Much respect,

James Ball April 29th, 2004 07:18 PM

Thank you sir, may I please have another.
I am interested.

I'd like a ton more detail. Please email me. like you, i have been on the same fruitless quest and would be glad to share what I have so far.

The main thing I'd like to see is a bayonet mount so that we can use off the shelf interchangable video lenses.

John Cabrera April 29th, 2004 10:52 PM

Wait, though... why wouldn't someone not purchase one of those single chip color versions. I mean I know it's not gonna be a 3 channel RGB image, but functionally quality wise it should blow out of the water just about any single chip camera out there, including the JVC MiniHD system. High resolution raw 24bit color image streams at almost any frame rate direct to disk? For about a grand? Damn... sounds good to me... especially with an Aldu35 setup.

Am I missing something here?


Luis Caffesse April 29th, 2004 11:30 PM

"There is a cmpany out there that sells monochrome 1.3 megapixel (1280x1024) CMOS cameras"

If I'm not mistaken John, what is being referred to here is taking 3 of these MONOCHROME sensors, and splitting the light with a prism into Red Green and Blue (in the same way most 3 chip cameras work now).

If you were to make a 1 chip camera with these sensors, there would be no way to recreate the color information. With a prism, the light is divided by color before reaching the chips, so although the chips may be monochrome, it is possible to recreate the color by knowing which chip is collecting the Red light, Green light, and blue light.

Then again, I may be way off. Most of this stuff is over my head.

Sounds interesting though.
Keep us updated!


John Cabrera April 30th, 2004 02:40 AM

Color version
I know exactly what he's trying to do. He wants to make a three chip camera out of three of their one chip mono cameras. But in addition to their mono camera, they also sell a single chip color camera, and judging from the sample images it shoots pretty nice color at that. I realize that if he can get enough people together to convince them to build a 3 chip version of one of these things it would be fantastic, but I was pointing out the fact that they already sell a one chip color version that seems to greatly rival any other one chip camera out there.... in price, quality, and functionality.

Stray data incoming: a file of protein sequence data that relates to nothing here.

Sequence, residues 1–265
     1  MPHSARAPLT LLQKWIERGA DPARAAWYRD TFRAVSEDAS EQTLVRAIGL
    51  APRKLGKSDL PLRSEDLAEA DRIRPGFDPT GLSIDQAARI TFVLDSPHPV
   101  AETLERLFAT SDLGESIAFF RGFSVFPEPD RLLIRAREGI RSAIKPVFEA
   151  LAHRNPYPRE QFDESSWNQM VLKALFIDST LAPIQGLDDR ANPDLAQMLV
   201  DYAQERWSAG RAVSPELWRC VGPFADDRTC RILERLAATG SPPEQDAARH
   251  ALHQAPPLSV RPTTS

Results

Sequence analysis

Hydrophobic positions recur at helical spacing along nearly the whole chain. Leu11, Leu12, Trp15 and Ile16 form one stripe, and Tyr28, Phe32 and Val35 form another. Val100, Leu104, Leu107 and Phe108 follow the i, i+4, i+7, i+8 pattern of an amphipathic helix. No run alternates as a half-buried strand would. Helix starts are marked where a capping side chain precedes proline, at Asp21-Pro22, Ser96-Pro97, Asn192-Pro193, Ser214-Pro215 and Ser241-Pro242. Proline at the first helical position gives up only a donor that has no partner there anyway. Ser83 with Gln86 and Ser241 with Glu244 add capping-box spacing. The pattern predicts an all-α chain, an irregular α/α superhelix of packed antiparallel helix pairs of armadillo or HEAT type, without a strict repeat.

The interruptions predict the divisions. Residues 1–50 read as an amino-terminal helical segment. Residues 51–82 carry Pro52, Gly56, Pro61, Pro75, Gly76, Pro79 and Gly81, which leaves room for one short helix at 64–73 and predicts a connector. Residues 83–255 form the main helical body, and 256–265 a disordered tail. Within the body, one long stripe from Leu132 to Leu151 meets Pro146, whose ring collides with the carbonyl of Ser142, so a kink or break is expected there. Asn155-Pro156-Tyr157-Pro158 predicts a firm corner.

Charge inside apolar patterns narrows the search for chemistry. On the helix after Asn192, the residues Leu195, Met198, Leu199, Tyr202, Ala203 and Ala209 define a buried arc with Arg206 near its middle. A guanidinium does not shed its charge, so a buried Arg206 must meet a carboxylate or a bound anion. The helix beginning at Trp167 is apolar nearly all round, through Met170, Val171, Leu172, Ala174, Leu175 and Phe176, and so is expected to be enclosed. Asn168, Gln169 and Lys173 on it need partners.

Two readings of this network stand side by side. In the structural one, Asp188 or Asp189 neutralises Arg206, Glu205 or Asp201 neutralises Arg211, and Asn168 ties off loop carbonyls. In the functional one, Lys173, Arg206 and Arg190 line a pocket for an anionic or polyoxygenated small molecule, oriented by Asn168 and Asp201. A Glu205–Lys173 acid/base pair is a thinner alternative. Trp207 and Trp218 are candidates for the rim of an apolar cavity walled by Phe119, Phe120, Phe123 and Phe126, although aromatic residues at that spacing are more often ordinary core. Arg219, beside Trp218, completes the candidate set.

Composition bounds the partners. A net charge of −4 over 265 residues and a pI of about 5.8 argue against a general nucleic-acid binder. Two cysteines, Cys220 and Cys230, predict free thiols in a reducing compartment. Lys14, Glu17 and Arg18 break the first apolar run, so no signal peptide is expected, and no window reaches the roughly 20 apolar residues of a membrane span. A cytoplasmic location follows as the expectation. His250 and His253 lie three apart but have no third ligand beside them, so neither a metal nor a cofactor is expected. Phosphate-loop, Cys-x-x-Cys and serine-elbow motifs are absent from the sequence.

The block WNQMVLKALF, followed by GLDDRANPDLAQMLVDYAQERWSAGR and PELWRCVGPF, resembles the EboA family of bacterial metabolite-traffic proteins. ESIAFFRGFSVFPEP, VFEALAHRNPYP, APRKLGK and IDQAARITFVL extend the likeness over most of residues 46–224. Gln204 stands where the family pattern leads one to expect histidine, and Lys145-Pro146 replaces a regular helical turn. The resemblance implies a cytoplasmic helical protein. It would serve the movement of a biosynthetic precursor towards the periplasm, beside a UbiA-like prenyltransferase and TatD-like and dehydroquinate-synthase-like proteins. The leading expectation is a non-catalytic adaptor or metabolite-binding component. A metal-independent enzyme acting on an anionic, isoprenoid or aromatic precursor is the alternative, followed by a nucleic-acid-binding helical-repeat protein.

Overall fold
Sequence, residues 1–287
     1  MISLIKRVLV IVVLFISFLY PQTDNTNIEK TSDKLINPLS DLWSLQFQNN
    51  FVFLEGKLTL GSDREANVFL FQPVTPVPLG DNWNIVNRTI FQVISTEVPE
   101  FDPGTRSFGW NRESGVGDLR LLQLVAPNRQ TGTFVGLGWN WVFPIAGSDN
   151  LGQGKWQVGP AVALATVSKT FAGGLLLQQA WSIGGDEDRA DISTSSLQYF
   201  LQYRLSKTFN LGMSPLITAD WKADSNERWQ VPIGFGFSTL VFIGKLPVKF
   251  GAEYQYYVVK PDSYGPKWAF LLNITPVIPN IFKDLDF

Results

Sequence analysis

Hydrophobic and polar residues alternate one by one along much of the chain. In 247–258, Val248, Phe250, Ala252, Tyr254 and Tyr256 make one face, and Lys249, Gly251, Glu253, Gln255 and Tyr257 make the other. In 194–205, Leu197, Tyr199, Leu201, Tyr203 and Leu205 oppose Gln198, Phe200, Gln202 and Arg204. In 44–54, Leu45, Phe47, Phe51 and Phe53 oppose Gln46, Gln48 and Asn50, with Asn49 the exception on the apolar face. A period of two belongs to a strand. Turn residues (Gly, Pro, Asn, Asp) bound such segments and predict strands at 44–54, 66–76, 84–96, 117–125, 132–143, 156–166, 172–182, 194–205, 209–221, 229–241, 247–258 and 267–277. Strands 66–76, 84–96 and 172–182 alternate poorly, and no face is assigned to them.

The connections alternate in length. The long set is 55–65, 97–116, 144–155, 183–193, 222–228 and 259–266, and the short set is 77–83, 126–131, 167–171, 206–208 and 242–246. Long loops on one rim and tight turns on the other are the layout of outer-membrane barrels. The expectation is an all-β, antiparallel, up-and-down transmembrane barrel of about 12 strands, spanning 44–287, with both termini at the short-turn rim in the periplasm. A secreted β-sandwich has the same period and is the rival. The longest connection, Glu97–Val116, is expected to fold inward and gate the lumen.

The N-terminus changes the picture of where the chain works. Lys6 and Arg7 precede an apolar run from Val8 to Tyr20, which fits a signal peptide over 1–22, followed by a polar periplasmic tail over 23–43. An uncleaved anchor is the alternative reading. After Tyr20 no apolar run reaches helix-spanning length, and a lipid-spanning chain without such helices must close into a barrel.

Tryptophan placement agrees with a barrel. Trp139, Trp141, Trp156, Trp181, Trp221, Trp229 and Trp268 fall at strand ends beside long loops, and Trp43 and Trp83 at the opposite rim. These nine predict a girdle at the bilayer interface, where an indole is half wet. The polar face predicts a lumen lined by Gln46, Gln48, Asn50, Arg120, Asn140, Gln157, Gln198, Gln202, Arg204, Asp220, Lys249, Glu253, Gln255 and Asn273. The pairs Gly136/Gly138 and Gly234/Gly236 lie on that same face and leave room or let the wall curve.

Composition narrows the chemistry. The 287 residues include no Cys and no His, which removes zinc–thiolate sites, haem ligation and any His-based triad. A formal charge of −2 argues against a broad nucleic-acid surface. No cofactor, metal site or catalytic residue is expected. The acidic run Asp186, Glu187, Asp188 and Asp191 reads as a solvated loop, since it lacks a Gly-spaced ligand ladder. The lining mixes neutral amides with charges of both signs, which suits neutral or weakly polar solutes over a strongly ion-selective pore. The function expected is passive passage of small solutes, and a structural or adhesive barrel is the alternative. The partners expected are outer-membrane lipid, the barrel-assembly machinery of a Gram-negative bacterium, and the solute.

Also, I know that many of the chips being made now for higher end single chip cameras are actually three layers that act exactly like three chip cameras. Are their color chips three layer chips, I wonder.


Steve Ipp April 30th, 2004 03:29 AM


Thank you for comments, you're right - some manufacturers are starting to come up with new designs incorporating one CMOS sensors comprised of 3 layers.
This technology is revolutionary but Foveon (the patent holder, if someone doesn't know) is very paranoid about the licensing aspect of the invention. There are only 2 still cameras on the market (one of them hasn't been put on sale yet) that have the chip.
As for the one chip color industrial camera from the manufacturer I mentioned in the post, - you're 100% on point; 1000 $ USB cam puts all DV crap in shade (although most DV cameras outperform in low light).